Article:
How Blackline Drafts Help You Close Faster
Updated: May 17
A client recently suffered a lot of anxiety and used up a lot of time because he wasn't taking advantage of the benefits of the blackline drafts he received. Deal lawyers use the Track Changes or Compare feature in their word processing software to show additions and deletions to the deal documents as they are negotiated. It's a common courtesy to make negotiations and revisions transparent. Deletions are shown as strike-throughs or in the margin, and additions are shown by underlining.
My client received a contract that was almost 50 pages long. He took about four hours to read it the first time. We made some changes to the contract based on my review and his input, which were shown on a blackline draft. The buyer's attorney then made some changes to the contract in response to our edits, which also were shown on a new blackline draft. My client then spent another four hours reading the entire contract again. He was tired and full of anxiety about the prospect of having to read the entire contract over again every time someone made changes to it.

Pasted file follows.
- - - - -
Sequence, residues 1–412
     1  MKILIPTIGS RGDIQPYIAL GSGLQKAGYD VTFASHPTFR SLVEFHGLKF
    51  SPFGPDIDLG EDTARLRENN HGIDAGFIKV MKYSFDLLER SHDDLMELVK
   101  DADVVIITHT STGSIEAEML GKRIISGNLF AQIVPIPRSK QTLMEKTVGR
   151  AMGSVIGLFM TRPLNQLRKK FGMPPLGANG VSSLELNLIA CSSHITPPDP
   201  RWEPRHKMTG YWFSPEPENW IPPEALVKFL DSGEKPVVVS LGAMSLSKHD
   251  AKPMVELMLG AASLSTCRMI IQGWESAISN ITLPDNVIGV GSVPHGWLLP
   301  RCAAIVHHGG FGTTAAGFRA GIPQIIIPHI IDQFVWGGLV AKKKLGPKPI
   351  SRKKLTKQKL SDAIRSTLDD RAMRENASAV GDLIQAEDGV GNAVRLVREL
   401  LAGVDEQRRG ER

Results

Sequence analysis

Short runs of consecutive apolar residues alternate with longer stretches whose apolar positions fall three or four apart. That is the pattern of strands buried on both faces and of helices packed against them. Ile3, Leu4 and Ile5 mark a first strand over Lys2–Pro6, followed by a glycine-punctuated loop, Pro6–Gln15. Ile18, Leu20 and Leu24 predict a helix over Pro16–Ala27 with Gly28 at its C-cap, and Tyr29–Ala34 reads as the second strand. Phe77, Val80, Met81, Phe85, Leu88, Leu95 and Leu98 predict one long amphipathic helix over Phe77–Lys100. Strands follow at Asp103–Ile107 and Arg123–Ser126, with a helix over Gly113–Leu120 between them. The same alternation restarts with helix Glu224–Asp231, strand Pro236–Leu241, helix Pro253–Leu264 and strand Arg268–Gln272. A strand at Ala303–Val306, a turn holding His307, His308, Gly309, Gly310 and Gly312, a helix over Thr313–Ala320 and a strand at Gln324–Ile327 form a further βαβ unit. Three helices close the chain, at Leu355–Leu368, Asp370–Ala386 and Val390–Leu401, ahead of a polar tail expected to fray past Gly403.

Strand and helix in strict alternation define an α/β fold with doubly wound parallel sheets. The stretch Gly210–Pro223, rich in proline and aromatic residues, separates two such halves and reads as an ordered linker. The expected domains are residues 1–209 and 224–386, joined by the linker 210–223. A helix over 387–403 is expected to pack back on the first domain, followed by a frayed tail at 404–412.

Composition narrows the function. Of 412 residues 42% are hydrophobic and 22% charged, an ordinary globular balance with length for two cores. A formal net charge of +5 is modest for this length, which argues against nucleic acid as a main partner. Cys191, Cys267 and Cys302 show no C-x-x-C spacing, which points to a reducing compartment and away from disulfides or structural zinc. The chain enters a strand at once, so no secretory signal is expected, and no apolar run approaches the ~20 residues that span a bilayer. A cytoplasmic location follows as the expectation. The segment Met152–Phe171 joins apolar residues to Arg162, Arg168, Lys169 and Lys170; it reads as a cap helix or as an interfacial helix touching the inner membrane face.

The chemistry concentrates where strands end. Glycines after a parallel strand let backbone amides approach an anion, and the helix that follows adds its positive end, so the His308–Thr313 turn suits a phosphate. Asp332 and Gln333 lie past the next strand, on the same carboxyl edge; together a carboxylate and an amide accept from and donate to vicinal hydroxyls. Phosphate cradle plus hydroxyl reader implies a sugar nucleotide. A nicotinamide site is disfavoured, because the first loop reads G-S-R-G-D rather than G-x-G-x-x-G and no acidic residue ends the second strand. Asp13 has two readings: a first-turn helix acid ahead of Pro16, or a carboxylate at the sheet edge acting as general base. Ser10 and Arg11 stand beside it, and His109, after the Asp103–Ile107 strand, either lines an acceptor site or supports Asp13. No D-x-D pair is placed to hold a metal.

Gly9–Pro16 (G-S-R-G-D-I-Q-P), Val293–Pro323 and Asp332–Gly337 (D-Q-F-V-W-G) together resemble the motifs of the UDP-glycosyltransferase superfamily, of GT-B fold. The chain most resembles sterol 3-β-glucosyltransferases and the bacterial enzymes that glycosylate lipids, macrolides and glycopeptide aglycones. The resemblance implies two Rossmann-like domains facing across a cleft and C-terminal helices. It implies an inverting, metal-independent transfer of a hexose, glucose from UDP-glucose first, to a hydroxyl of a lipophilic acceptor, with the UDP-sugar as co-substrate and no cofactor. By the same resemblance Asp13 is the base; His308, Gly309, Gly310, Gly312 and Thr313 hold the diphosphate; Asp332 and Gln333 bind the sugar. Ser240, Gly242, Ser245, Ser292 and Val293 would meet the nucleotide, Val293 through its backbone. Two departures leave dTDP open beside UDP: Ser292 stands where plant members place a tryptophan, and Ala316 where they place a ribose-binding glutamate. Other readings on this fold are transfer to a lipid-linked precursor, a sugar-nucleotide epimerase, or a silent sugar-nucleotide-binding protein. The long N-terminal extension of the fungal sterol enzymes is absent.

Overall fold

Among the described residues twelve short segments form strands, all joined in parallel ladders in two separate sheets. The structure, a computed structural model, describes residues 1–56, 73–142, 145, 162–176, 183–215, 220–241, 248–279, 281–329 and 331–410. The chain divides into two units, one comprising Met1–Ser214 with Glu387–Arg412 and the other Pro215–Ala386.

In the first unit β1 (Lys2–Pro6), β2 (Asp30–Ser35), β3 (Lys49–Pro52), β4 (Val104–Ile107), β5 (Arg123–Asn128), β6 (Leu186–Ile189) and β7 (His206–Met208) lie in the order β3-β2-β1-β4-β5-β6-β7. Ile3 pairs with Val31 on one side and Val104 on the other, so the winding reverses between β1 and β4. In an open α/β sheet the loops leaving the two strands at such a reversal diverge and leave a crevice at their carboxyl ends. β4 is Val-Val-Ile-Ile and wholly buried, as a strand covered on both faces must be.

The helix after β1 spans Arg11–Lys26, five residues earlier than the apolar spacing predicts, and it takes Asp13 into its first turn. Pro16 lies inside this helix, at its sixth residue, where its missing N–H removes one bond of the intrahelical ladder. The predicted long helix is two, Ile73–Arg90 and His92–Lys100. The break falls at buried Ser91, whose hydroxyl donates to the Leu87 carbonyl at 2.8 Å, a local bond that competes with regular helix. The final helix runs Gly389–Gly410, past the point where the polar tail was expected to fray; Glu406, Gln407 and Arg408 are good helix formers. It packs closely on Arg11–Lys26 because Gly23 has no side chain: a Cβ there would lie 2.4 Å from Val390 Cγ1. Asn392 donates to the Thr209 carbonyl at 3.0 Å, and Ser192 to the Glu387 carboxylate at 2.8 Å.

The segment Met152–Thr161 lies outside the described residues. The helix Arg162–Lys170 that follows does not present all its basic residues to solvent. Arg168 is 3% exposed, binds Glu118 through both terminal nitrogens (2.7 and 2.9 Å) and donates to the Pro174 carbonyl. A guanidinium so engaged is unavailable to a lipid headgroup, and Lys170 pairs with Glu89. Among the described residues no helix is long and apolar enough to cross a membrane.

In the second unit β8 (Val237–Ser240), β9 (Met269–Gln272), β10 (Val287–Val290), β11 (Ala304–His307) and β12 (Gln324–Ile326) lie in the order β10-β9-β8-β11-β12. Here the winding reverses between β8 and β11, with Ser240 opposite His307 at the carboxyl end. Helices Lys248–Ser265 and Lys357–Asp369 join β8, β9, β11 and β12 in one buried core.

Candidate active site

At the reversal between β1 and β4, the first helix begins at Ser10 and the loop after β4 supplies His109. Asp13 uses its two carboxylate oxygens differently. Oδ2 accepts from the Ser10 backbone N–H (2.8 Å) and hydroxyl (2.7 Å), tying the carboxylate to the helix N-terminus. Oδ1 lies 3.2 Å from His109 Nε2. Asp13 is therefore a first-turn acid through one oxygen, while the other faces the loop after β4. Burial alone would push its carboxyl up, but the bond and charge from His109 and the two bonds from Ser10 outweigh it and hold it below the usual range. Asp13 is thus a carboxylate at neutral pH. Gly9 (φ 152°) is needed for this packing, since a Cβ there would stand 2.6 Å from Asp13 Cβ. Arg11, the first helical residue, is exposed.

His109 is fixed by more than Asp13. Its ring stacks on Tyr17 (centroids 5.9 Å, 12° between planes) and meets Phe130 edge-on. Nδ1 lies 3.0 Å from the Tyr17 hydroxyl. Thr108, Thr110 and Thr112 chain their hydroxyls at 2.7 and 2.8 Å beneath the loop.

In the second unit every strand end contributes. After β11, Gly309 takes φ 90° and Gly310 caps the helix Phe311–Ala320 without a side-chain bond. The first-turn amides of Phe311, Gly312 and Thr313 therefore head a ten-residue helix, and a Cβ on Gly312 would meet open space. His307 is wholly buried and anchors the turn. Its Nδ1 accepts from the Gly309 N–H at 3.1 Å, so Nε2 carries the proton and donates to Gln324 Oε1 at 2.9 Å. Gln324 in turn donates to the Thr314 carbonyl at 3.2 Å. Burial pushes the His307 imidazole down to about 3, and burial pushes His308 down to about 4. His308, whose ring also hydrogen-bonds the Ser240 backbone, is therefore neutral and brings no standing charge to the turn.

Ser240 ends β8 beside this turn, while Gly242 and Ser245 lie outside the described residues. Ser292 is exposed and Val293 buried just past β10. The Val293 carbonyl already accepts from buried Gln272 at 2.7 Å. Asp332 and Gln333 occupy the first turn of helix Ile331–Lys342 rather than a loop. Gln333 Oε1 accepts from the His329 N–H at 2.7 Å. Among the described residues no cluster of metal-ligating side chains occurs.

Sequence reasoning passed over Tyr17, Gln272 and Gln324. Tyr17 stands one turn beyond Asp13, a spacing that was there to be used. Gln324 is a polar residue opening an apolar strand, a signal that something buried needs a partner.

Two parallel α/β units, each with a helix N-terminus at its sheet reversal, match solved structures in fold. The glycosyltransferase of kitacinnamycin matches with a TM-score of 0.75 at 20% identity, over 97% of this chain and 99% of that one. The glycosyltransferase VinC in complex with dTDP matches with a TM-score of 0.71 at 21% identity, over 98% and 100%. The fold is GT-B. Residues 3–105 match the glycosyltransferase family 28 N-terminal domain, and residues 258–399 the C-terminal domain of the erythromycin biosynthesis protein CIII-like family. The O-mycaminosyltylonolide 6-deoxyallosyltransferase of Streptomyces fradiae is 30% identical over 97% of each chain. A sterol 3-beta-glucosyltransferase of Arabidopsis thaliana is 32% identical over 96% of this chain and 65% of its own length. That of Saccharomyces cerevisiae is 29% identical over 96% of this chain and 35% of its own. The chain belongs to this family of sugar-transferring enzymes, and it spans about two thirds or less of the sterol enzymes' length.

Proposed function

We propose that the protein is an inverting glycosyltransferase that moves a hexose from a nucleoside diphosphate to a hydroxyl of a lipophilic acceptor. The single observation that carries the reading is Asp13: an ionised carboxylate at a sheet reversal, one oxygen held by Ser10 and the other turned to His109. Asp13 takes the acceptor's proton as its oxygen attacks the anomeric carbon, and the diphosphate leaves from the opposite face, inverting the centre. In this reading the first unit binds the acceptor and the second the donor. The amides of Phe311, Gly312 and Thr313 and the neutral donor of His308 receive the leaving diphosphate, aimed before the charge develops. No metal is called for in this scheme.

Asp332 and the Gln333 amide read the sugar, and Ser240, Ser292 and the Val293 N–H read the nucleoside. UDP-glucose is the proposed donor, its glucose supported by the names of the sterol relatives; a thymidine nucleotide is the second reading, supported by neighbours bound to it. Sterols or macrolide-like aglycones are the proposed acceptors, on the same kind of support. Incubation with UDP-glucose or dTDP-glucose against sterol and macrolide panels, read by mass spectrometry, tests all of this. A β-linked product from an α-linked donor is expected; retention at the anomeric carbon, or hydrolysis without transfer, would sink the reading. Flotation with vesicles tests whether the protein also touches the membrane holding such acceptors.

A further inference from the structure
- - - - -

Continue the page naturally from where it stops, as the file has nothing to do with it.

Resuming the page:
But here's the thing: he didn't have to start over each time he received a new draft. He could have saved time by focusing only on the changes in each new draft. As we negotiated and new blackline drafts were created, the number of changes to the documents steadily decreased until we had final documents to sign. Each time he received a new blackline draft with fewer changes, he would have spent less time reviewing it if he had simply focused on the blacklined portions of the document.
Perhaps my client didn't trust the attorneys, thinking the opposing attorney might try to slip a change into a document without blacklining it. Deal lawyers typically won't risk damaging their reputation by doing something like that, however, because they want to be trusted to close the deal.
The moral of this story is that you can save time and anxiety and close your deal faster by using blacklining to your advantage.